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Proposed Natural Gas Pipeline; Douglas County, OR

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Information about this document as published in the Federal Register.

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Bureau of Land Management (BLM), DOI.


Notice of intent to prepare an environmental impact statement (EIS) and notice of scoping on a proposed natural gas pipeline right-of-way application.


Pursuant to Section 102(2)(C) of the National Environmental Policy Act of 1969, the Bureau of Land Management (BLM), Coos Bay District, will be directing the preparation of an EIS by a third party contractor on the impacts of a proposed natural gas pipeline from near Roseburg in Douglas County, Oregon, to the Coos Bay city limits in Coos County, Oregon. BLM received a right-of-way application under Section 501 of the Federal Land Policy and Management Act of October 21, 1976, (43 U.S.C. 1737) on May 17, 2000. The proposed pipeline will cross approximately 55 miles on public and private lands in Coos and Douglas Counties, Oregon.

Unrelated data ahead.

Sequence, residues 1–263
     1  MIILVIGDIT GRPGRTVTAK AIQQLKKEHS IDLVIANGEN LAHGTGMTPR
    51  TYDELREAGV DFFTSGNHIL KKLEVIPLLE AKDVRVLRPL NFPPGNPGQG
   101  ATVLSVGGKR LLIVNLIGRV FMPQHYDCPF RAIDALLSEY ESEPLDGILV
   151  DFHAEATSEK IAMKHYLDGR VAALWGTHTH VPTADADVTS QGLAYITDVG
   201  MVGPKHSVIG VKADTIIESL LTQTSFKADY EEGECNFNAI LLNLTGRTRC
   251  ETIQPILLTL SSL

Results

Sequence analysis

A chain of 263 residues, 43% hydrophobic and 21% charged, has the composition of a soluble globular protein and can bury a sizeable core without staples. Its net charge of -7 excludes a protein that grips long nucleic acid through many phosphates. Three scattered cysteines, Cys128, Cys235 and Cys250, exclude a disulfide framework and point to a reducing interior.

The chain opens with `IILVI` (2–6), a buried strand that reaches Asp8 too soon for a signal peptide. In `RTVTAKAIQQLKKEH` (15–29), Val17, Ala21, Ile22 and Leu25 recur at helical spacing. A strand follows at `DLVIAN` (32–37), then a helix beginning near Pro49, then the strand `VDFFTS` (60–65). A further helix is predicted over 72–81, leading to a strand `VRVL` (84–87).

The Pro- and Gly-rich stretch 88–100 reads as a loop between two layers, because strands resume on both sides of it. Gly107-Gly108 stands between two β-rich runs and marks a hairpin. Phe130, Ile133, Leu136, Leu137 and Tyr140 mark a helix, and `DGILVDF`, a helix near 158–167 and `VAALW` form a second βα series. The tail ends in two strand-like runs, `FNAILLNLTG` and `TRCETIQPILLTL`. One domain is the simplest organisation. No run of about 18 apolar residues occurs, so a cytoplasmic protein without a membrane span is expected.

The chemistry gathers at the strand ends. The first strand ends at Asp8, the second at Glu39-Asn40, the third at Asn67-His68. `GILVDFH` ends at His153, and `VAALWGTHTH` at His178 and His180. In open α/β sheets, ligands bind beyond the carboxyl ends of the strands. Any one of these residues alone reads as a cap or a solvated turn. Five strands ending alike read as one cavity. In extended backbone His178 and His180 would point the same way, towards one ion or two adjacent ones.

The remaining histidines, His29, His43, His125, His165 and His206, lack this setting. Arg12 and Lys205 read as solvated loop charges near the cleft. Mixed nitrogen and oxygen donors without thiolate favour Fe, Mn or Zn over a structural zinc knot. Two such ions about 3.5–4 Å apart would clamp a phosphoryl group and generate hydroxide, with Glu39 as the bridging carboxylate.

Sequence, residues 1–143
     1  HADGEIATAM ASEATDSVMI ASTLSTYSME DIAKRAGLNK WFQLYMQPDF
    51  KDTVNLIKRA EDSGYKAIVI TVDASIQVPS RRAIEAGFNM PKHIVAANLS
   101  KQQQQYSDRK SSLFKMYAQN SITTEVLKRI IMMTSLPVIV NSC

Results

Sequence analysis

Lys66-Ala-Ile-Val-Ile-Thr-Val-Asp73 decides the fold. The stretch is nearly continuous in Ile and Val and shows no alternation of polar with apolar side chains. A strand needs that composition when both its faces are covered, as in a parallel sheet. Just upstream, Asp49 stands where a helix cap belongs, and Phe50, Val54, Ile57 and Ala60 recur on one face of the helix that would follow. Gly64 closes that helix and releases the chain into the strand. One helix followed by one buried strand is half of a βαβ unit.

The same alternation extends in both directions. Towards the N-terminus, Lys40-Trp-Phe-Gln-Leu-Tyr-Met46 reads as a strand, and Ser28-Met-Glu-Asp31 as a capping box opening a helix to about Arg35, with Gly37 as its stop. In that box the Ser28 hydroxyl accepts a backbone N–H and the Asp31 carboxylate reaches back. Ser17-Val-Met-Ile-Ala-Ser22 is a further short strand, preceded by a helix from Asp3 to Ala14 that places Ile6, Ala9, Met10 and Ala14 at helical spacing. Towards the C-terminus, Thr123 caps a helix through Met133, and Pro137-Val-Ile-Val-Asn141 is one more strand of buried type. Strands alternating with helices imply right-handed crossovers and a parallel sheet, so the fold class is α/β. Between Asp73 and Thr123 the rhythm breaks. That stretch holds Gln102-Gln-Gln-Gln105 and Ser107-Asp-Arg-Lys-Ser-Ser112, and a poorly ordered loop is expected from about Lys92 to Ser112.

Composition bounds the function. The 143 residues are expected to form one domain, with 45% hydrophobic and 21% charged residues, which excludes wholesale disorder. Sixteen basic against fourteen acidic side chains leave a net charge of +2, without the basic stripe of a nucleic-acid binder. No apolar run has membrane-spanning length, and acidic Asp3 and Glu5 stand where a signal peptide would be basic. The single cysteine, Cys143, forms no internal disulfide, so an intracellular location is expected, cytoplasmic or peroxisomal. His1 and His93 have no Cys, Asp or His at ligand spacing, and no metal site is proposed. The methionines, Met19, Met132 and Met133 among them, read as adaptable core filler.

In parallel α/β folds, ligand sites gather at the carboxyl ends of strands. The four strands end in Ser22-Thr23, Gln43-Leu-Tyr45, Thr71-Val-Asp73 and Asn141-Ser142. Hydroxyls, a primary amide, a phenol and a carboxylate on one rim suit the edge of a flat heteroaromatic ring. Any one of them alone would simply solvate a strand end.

This notice constitutes the beginning of the 30-day public scoping process. Interested individuals, organizations, and other agencies are encouraged to review the proposal and provide written comments by April 30, 2001, to the address below. A public scoping meeting will be held beginning at 7:30 on April 4, 2001 at the Coos Bay City Hall Council Chambers, 500 Central, Coos Bay.


Sue E. Richardson, District Manager, Coos Bay District, BLM, 1300 Airport Lane, North Bend, OR 97459.

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Bob Gunther, Project Coordinator, at address above or telephone (541-751-4295), fax: 541-751-4303, or e-mail comments to the attention of

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The Coos County Board of Commissioners has applied for a right-of-way proposing to contract construction of a 12 inch natural gas trunk line to be buried within the existing rights-of-ways of the Pacific Corp. (PP&L) and Bonneville Power Administration (BPA) electric transmission lines, and within the existing roadbed of the Coos Bay Wagon Road. The total length of the pipeline is approximately 55 miles, with approximately 4.5 miles located on lands administered by the BLM. The proposed pipeline would connect to the Williams Gas Pipeline at a meter facility southwest of Roseburg, in or near Section 33 Township 27 South, Range 6 West in Douglas County. The exact location of the endpoint is not finalized (at the Coos Bay city limits in or near Section 27 Township 25 South, Range 13 West).